Scots children from poor backgrounds 'fail before school'
Children who live in poverty in Scotland are already failing before school starts, a new study has said.
The Save the Children report suggested youngsters from poorer backgrounds were twice as likely to start primary school with developmental difficulties.
The research was based on 3,000 children aged five from different socio-economic backgrounds in Scotland.
The study found poorer children were twice as likely to have emotional and physical development difficulties.
They were also twice as likely to have problems with communication and expressing themselves or making themselves understood.
The report's authors said poorer youngsters were 50% more likely to face difficulties mixing with other children and were 40% more likely to be behind in their cognitive development - the ability to gain knowledge and learn.
Douglas Hamilton, Save the Children's head in Scotland, said: "The long-term ramifications of these developmental difficulties for children in poverty are very serious.
"To discover that this 'developmental divide' begins before a child even starts school is incredibly worrying.
"Ultimately, the consequences of this glaring gap are found in reduced future opportunities and life chances of children who live in poverty."
The organisation said figures from later in the education system showed that these children begin their school life behind their classmates and never catch up.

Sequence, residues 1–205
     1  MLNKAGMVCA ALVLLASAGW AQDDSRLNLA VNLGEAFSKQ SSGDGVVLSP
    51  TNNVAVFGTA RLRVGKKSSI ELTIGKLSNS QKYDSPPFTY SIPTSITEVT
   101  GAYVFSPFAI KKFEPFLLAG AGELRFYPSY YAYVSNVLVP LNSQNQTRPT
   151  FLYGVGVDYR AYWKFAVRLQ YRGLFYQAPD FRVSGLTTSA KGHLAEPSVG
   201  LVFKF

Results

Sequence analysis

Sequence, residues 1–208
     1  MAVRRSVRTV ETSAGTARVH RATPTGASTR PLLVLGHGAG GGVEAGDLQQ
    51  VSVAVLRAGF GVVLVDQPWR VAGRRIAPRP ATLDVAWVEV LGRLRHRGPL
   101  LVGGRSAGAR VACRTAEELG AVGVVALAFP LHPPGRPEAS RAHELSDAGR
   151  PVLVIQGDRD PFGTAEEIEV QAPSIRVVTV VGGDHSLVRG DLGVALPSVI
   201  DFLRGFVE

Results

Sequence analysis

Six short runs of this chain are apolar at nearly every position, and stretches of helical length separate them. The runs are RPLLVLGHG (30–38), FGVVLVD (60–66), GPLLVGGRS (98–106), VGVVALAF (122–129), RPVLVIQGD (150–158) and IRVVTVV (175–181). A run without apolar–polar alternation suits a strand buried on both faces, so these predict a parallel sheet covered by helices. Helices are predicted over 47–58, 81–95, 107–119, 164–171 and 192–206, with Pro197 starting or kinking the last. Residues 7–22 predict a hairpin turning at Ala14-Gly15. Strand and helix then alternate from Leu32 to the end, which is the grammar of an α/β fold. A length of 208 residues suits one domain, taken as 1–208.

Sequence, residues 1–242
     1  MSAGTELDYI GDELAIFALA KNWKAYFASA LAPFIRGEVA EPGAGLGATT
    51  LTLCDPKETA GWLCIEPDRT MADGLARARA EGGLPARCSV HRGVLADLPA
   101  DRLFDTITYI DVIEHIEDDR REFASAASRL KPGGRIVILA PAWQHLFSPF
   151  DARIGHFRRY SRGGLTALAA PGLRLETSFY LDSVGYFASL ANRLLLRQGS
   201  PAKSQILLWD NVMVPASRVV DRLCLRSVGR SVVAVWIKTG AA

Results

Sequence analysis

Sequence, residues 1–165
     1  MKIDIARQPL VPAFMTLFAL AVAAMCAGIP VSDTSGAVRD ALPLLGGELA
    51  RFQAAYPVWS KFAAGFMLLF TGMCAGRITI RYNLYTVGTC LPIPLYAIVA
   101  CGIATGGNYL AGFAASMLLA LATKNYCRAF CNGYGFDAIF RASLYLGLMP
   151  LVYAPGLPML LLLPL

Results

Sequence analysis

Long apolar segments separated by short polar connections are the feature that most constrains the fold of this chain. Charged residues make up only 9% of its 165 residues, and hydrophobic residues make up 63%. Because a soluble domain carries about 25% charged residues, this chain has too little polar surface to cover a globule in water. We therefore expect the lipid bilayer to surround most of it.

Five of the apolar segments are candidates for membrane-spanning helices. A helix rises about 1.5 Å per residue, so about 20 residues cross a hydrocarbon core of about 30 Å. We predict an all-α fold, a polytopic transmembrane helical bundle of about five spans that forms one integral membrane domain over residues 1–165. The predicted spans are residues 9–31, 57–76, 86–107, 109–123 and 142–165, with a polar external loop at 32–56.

The charity, which carried out the study with Scotcen Social Research, wants the Scottish government to take a number of measures to better support children in their early years.
Paul Bradshaw, from Scotcen, said: "Whilst previous studies have relied on test results for individual developmental areas, this is a more holistic measure designed to tell whether or not Scotland is succeeding to be the best place in the world for a child to grow up."
A spokesman for the Scottish government said: "It is completely unacceptable that any child in Scotland lives in poverty. This government is doing all we can within the devolved powers to tackle this problem head on, with the aim of eradicating child poverty by 2020.
"Supporting our vulnerable young children is essential and the Children and Young People Bill will increase the entitlement to funded early learning and childcare to a minimum of 600 hours per year for all three and four-year-olds and two-year-olds who are looked after.
"This report reinforces the importance of our commitment to early intervention in the early years."